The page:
A possible contributor to not seeing the world as it is, is our tendency to (1) see minorities as larger than they are.

"This holds for sexual minorities, including the proportion of gays and lesbians (estimate: 30%, true: 3%), bisexuals (estimate: 29%, true: 4%), and people who are transgender (estimate: 21%, true: 0.6%)."It also applies to religious minorities, such as Muslim Americans (estimate: 27%, true: 1%) and Jewish Americans (estimate: 30%, true: 2%). And we find the same sorts of overestimates for racial and ethnic minorities, such as Native Americans (estimate: 27%, true: 1%), Asian Americans (estimate: 29%, true: 6%), and Black Americans (estimate: 41%, true: 12%)."

and (2) When we look at large groups, the proportion tends to be UNDERestimated.

"we find that people underestimate the proportion of American adults who are Christian (estimate: 58%, true: 70%) and the proportion who have at least a high school degree (estimate: 65%, true: 89%)."

Of course, since the work of Daniel Kahneman and Amos Tversky 50 years ago, it's been clear that people don't handle probabilities very well at all. Kahneman even won the Nobel Prize for this work (Tversky having already died).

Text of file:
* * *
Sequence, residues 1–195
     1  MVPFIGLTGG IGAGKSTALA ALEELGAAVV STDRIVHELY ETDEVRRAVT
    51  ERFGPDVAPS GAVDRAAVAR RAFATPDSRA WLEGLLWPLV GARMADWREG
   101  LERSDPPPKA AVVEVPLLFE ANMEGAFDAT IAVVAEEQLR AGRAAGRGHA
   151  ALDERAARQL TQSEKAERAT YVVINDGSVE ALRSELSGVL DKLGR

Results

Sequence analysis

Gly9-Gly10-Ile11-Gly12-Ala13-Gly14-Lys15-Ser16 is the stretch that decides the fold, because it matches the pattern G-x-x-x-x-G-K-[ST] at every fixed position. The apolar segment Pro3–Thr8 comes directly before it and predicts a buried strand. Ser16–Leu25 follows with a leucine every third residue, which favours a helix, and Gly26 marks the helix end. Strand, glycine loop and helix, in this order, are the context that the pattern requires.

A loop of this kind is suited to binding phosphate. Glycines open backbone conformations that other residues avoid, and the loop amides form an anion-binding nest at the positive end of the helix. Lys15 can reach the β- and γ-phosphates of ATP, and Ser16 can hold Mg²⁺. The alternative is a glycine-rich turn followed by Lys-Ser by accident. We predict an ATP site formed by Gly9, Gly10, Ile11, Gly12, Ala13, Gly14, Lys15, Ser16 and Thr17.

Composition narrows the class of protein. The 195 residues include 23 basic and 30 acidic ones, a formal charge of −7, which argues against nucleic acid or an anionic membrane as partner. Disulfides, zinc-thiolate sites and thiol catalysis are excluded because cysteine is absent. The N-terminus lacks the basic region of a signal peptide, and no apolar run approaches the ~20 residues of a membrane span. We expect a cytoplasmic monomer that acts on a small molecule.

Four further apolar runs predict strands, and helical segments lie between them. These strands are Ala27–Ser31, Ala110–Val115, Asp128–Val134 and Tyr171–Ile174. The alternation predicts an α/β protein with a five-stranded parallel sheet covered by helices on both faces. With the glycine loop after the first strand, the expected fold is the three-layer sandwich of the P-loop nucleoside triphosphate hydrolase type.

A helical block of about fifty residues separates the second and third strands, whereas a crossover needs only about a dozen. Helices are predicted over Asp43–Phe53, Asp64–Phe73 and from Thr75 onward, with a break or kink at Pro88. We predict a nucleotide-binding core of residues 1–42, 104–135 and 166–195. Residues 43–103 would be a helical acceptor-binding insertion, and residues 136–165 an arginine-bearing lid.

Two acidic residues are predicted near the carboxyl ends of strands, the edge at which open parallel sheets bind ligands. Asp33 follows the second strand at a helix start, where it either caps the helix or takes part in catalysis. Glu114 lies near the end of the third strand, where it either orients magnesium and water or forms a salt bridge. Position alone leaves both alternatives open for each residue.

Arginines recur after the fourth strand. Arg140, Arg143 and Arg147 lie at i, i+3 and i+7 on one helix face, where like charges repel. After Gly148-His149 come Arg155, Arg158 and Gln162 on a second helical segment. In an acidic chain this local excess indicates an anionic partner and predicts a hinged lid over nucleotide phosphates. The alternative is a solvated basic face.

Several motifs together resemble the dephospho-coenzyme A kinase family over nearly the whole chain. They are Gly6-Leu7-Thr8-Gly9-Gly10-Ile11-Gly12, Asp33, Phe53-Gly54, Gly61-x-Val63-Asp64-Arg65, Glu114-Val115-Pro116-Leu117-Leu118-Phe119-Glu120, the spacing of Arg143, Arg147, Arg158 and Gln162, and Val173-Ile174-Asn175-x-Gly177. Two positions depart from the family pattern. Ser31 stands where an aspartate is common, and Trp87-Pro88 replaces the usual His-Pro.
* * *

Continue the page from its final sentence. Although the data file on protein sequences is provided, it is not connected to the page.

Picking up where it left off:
Part of this is contamination: a bunch of extremely bad estimates are being averaged in. But if we look at the median estimates (rather than the mean) we still see a distortion. For example:

Actual % transgender: 0.6%

Mean survey estimate: 21%

Median survey estimate: 12%

Actual % with HH income over $1 million: (less than 0.5%)

Mean survey estimate: 20%

Median survey estimate: 10%

Actual % are Muslim: 1%

Mean survey estimate: 27%

Median survey estimate: 20%

Actual % are Black: 12%

Mean survey estimate: 41`%

Median survey estimate: 40%

Some of this might be a failure to consider the definition. For example, are people parsing "transgender" to include the entire spectrum of LGBTQ+? Are people confusing an INCOME of $1,000,000 a year with a NET WORTH of $1,000,000? But it's harder to make this case for a category like "Muslim" or "Black".

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